". . . the national rules thus established must, first, ensure, ‘wide access to justice' and, second, render effective the provisions of Directive 85/337 on judicial remedies. Accordingly, those national rules must not be liable to nullify Community provisions which provide that parties who have a sufficient interest to challenge a project and those whose rights it impairs, which include environmental protection associations, are entitled to bring actions before the competent courts".

41. The ECJ further stated, at paragraph 49, that the right to access "in the procedure in drawing up the decision relating to a project is no justification for the fact that judicial remedies against the decision adopted at the end of that procedure are available only under very restrictive conditions". It is not suggested by the Secretary of State in this case that the right of involvement at an earlier stage is alone a sufficient remedy.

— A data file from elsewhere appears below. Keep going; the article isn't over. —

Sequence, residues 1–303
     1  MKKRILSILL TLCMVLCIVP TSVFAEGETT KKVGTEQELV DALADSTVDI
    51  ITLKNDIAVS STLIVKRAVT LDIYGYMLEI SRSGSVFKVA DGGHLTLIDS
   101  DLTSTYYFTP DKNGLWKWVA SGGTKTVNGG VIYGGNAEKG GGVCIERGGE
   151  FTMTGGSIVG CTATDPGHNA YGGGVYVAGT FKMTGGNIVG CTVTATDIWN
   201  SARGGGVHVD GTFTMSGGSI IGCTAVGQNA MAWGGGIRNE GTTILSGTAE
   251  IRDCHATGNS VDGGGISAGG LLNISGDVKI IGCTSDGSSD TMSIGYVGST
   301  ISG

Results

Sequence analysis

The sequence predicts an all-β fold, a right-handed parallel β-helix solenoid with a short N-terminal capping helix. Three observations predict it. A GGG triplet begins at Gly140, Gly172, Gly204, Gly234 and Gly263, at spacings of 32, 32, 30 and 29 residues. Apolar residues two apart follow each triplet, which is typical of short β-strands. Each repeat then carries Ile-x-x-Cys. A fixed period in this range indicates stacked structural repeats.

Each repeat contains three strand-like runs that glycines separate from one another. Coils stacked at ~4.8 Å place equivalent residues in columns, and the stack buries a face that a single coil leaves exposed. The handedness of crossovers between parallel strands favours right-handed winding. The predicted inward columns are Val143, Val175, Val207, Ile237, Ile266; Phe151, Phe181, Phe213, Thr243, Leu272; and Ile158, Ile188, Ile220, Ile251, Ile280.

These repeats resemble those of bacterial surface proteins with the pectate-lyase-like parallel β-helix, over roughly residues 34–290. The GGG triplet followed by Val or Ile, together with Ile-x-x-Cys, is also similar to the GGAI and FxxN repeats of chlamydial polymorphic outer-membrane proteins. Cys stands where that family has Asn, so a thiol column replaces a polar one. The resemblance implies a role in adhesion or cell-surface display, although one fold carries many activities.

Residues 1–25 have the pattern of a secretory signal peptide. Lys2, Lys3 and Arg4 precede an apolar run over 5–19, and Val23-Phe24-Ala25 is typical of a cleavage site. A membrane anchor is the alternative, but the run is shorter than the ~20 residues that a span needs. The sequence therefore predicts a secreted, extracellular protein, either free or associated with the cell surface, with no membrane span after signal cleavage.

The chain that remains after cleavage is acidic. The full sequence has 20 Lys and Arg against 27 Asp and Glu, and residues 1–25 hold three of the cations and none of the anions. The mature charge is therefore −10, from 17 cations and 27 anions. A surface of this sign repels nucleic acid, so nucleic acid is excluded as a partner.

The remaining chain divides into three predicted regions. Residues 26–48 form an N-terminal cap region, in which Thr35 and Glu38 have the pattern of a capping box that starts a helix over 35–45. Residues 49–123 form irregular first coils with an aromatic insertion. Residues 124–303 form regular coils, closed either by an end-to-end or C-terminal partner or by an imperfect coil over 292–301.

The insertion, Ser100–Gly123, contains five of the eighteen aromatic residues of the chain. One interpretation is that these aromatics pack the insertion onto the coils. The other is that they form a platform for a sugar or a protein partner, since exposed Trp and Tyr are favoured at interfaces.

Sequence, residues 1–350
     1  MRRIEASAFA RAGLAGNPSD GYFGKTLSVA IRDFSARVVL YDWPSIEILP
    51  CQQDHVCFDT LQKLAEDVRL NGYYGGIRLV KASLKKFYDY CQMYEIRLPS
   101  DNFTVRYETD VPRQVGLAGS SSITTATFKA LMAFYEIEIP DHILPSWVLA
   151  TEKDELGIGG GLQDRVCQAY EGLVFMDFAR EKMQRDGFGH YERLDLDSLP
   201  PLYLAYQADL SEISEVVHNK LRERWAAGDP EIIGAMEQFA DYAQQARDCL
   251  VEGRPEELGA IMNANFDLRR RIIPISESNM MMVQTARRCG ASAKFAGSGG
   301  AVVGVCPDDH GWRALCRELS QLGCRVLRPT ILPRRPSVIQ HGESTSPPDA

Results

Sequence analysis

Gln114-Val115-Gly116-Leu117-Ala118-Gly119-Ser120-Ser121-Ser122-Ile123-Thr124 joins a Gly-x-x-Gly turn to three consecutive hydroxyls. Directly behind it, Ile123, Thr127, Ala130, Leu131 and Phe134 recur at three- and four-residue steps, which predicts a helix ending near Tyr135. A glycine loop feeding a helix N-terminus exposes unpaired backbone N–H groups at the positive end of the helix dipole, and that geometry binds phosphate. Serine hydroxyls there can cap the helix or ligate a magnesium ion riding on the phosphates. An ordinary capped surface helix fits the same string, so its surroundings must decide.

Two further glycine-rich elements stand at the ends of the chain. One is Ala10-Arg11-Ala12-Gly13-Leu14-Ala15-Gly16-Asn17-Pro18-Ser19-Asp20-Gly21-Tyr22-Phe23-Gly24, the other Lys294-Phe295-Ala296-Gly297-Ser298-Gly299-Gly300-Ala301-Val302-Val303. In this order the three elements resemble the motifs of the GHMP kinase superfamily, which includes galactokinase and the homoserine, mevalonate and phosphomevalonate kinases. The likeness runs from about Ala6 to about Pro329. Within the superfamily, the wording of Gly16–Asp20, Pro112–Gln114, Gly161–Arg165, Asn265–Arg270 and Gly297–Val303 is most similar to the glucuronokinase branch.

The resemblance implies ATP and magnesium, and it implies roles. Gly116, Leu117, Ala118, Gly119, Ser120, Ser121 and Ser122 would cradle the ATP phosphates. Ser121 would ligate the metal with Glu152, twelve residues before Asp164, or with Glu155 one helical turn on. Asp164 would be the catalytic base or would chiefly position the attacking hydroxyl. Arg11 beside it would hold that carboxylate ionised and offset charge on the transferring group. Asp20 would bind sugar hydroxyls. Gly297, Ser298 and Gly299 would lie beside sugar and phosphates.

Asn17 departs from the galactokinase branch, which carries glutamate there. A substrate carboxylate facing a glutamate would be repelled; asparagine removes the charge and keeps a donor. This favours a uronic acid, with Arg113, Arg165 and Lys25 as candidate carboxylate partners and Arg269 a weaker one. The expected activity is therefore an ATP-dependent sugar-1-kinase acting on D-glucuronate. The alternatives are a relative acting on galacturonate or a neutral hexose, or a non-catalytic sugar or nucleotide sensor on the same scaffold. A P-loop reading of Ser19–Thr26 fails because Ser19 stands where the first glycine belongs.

42. Reference was made by counsel to Eco-Energy, where Collins J held that the claimant was not a "person aggrieved" for the purposes of section 288. He stated, at paragraph 33:

"In my view there is no appeal properly in being. It cannot be said that a person who had no interest in the land, and still has no interest in the land, and who was not attending at the inquiry and was not taking any active interest in the appeal process, can suddenly step into the shoes of those who were properly to be regarded as applicants in order to seek to appeal to this court."

The case came on appeal to this court to consider whether Eco-Energy had an interest in the relevant land. Buxton LJ, with whom Peter Gibson LJ and Jacob LJ agreed, stated, at paragraph 7: